While choosing either recycled or natural materials is key, this is only the tip of the tidal wave of pollution caused by fast fashion. Every time synthetic items are jumbled into the washing machine, hundreds of thousands of tiny microfibres, thinner than human hair, are shredded from the arms, legs and toes. With these particles being so minute, they escape both washing machine filters and water treatment plants to begin their new life in the ocean. Here they intermingle with chemicals such as PCBs which have been widely banned since the 1970s but still persist amongst the waves. Plastic is particularly good at absorbing these chemicals and so these now toxic microfibres make their way through the food chain from plankton to whales or even to our plates via mussels. While this may sound a problem far beyond our reaches, here’s what you can do to start cleaning up your own pollution.
Guppyfriend bags aim to stop fibre offenders breaking free from the washing machine and careering down our waterways. By placing all your clothes into these bags before putting them in the wash, all the microfibres which are released are caught in the tiny mesh lining the bag rather than floating off out into our air. Every couple of washes all you have to do its shake out the bag over the bin and once your Guppyfriend is looking a little worse for wear, the company will recycle it for you. Alternatively, Cora Balls are available which are inspired by the delicate coral branches which twist their way out of seafloors, capturing tiny food particles as they go. These balls can simply be tossed into the machine to work their magic. This simple action can really go a long way as if even only 10% of American households used one, 30 million water bottles worth of plastic could be kept out of our ocean playground each year. These sorts of actions are crucial as while recycling plastic into new clothing is positive, plastic still remains a central role in our lives, dispensing microfibres with each spin of the washing machine drum. Until we escape our reliance on plastic completely, many argue that we should leave the recycled materials to objects which require minimal washing such as furniture and outerwear.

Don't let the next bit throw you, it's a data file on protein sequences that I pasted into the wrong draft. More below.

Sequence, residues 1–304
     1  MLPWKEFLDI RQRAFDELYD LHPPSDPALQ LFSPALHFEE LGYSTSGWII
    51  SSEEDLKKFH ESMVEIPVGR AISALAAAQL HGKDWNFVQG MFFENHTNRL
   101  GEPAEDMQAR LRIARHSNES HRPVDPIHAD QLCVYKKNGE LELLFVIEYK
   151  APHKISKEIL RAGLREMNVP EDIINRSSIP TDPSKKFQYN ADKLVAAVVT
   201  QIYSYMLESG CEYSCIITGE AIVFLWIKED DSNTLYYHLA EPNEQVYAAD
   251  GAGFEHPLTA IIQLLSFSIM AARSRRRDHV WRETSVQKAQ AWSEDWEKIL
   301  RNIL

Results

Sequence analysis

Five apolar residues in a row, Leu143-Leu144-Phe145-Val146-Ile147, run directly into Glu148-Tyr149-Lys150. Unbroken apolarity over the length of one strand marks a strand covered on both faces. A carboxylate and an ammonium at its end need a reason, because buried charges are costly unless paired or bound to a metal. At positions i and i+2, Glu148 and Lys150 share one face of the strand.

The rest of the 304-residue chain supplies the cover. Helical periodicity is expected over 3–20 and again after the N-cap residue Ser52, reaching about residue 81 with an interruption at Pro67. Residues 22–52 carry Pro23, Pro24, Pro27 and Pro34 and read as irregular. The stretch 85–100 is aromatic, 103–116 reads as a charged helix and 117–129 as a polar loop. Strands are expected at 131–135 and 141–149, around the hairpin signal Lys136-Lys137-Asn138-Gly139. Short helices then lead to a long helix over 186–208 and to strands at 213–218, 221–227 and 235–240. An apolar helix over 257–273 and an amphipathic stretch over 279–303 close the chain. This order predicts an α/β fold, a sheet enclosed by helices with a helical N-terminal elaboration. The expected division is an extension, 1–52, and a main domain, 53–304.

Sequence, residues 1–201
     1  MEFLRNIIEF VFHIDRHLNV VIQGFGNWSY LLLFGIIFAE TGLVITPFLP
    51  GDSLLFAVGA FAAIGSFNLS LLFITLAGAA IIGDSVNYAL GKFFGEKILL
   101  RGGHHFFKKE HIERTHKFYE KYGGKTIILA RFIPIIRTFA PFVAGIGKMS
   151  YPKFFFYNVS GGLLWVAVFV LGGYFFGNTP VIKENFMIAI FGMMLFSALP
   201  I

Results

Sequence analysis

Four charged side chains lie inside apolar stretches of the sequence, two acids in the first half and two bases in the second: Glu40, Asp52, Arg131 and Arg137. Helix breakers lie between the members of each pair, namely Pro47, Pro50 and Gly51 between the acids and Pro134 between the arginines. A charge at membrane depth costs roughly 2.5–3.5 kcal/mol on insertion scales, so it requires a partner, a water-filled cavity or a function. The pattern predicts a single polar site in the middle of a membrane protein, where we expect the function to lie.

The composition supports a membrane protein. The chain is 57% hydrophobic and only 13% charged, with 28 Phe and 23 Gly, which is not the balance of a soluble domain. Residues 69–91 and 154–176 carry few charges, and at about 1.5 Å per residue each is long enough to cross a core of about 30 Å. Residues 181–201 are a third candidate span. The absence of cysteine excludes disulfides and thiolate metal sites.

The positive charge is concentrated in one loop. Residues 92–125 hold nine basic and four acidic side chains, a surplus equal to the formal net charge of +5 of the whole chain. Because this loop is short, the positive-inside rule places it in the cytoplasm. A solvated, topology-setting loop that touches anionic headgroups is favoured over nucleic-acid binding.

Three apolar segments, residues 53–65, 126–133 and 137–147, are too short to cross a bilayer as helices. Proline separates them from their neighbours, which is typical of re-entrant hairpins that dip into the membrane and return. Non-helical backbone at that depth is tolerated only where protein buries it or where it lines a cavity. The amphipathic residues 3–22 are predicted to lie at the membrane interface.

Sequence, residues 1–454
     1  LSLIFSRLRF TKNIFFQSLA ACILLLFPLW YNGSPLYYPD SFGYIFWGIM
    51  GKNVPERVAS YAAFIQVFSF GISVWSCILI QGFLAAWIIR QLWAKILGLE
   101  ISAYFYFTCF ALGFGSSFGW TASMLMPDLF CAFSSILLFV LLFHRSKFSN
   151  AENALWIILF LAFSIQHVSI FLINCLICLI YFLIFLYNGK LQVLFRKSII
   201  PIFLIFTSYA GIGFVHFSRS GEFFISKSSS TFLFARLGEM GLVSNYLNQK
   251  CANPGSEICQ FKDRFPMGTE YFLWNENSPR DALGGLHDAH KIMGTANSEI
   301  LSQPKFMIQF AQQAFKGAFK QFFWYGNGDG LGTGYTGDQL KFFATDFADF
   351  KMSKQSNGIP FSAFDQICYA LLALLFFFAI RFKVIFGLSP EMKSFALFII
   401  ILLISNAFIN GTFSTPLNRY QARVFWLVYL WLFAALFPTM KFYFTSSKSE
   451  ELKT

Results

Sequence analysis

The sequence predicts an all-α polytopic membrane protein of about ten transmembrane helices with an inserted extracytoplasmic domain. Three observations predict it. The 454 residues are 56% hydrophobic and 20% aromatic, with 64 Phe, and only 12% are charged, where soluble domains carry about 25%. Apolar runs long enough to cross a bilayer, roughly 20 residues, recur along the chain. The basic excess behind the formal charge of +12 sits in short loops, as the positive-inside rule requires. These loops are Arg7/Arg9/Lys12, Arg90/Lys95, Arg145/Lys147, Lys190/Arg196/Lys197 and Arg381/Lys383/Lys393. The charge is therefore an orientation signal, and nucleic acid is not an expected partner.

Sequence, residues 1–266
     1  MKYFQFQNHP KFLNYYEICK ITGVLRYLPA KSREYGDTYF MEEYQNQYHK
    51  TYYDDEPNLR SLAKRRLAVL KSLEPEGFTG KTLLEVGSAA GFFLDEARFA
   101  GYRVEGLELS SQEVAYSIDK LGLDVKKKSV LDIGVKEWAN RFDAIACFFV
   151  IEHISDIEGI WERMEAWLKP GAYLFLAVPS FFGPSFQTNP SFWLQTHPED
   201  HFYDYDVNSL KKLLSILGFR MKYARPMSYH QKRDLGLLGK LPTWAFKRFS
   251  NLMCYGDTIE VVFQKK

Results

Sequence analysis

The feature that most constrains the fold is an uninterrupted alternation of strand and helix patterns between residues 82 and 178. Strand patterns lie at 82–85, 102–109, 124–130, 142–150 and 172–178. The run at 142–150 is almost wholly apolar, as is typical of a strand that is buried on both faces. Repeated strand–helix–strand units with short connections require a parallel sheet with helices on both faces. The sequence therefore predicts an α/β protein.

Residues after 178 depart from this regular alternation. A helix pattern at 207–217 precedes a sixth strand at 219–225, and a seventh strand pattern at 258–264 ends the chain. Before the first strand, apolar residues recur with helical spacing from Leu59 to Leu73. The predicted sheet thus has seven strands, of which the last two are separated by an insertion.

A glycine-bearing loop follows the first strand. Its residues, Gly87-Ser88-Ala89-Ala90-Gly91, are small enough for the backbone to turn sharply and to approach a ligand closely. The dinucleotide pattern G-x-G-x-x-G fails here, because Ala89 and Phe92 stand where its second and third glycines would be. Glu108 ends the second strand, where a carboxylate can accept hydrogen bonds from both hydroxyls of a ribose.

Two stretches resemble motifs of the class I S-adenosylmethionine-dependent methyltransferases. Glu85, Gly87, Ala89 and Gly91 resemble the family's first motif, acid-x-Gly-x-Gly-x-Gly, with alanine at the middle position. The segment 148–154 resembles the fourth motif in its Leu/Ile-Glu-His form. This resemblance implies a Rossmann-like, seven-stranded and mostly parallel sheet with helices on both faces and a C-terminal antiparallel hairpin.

Even without spending money, there are many ways we can reduce plastic fibres leaking from our houses into the environment; in fact, many of these tips will save your pennies. Try only putting on the washing when the machine is full, washing on lower temperatures, purchasing eco-friendly washing powder and not using your tumble dryer unless you’re really desperate for that work shirt. While the law still allows businesses relative freedom in manufacturing, many companies are now seeing the benefits of being kinder to the environment, making sustainable shopping easier than ever if you just decide to make a few different choices before you reach the till.
Next week our blog will inspire you to go on your very own beach clean to really get stuck into helping the ocean plastic problem while also topping up on that beach time.
By Neve McCracken-Heywood